Nobody knows how many Iraqis died as a result of “Operation Iraq Freedom,” but 1,000,000+ is not an unreasonable estimate. That’s a LOT of people.

    And, of course, it was all based on a lie.

    Considering her background, maybe Jarrar not only knows what GWB is responsible for, but also feels it.

    If so, I can imagine, unreasonable as it might be, that she would lash out at other members of the Bush clan.

  10. JKB says:

    Lose her job, or don’t lose her job? Doesn’t really matter. The utility of her statement has been realized. That is the further erosion of the, undeserved in recent decades, regard afforded university faculty. She sought public revelation and has revealed herself, as yet another, uneducated university professor. Uneducated in fundamental definition of “education” as discipline of intellect, regulation of the heart, and establishment of principles, not in credentials.

    The more these professors, and administrators, reveal themselves to prospective students, and their parents, the better. Already, many are realizing if there are any adult role models at the university they would be among the custodial staff and certainly not faculty or administrators.

  11. Hal_10000 says:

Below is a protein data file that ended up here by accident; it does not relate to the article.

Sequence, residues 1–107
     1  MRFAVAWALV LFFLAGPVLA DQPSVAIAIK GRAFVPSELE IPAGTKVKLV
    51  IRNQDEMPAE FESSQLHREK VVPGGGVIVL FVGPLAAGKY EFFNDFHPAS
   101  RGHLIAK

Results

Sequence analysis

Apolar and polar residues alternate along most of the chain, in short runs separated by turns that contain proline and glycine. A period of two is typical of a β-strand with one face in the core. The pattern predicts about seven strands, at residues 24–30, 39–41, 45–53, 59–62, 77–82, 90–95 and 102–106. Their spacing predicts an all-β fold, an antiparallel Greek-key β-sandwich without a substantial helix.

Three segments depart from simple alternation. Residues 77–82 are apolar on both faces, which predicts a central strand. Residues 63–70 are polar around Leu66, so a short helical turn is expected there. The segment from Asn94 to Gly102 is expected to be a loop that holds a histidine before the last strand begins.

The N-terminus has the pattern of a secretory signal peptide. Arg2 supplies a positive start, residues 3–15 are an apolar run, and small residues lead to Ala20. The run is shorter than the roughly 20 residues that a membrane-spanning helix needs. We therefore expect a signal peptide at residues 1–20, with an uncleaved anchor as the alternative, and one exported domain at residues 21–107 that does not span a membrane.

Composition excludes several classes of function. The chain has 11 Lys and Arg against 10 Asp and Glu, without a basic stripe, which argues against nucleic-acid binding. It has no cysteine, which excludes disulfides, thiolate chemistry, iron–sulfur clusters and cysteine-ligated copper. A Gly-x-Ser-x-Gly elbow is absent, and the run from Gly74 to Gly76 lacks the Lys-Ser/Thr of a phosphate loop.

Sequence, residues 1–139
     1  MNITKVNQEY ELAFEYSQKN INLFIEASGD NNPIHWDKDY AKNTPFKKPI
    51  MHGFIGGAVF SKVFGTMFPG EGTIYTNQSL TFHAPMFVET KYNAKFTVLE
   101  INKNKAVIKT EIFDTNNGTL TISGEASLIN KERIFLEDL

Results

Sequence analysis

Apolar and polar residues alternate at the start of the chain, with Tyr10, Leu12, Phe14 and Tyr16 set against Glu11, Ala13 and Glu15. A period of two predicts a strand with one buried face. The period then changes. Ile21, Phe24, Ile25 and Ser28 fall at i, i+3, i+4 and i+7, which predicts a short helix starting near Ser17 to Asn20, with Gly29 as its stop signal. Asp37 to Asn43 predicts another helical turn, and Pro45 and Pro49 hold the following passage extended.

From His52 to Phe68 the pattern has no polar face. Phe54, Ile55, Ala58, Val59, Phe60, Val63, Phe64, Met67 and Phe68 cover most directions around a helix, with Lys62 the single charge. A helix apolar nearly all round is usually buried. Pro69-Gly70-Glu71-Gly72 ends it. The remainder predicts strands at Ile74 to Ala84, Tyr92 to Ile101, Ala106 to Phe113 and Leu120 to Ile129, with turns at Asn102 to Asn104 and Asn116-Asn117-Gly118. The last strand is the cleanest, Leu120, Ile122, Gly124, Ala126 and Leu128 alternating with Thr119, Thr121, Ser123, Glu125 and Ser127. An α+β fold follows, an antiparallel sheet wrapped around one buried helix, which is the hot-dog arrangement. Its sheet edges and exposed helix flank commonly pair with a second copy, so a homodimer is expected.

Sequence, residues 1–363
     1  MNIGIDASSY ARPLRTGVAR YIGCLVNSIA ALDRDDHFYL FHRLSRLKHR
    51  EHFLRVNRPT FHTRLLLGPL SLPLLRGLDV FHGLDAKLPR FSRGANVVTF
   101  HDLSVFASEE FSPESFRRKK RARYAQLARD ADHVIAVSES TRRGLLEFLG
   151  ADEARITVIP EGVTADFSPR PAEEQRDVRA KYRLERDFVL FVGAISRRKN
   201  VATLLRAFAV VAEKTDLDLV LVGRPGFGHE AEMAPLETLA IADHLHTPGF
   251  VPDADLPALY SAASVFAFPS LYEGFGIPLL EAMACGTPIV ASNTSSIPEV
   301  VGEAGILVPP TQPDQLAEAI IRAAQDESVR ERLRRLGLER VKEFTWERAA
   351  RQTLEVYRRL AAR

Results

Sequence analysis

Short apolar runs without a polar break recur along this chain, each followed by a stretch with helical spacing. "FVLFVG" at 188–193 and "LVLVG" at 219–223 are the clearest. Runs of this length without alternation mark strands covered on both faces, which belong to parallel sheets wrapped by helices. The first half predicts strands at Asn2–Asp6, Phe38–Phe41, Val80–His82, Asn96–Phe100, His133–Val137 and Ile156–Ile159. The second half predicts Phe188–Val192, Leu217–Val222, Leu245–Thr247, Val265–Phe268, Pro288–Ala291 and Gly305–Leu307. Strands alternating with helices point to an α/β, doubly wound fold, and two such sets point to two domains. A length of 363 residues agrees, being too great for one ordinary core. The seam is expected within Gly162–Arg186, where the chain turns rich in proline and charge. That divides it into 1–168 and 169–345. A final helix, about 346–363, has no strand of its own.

I agree she should not be punished for her speech. Her intentional spamming of a mental health hotline afterward is another matter, though.

  12. barbintheboonies says:

    I ‘ll bet if she said these things about Michelle Obama she would have been out the door and fast. The riots would commence and the media would have had a field day. It would have been the circuit circus. She would have been the most hated individual of the moment.

  13. barbintheboonies says:

    @CSK: She has the right yes, but she also has an obligation to her school to appear a good and moral person. She showed none and she should be fired. There are consequences for being nasty.

  14. george says:

    @teve tory:

    Obama has class; that’s long been established. The prof in question doesn’t – she just proved that. But that isn’t a reason to fire her. Note that goes both ways; conservative profs should be fired for saying stupid things either.

  15. de stijl says:


    What she said was appallingly tasteless and nasty, but she had a perfect right to say it.

    It was tasteless and nasty because Barbara Bush had little impact on the bend of history. She was merely history adjacent.

    But what Randa Jarrar said was not untrue. Not about her husband (who was a decent President) with a seemingly good heart despite the Iran-Contra complicity. Her son was the worst President ever until 2016.

    None of that is on Mrs. Bush.

    What is on her is just generational shame. Both of my parents were astonishingly racist in retrospect. She was larger than most because of family. Her age does absolve her, nor does it my mom and dad.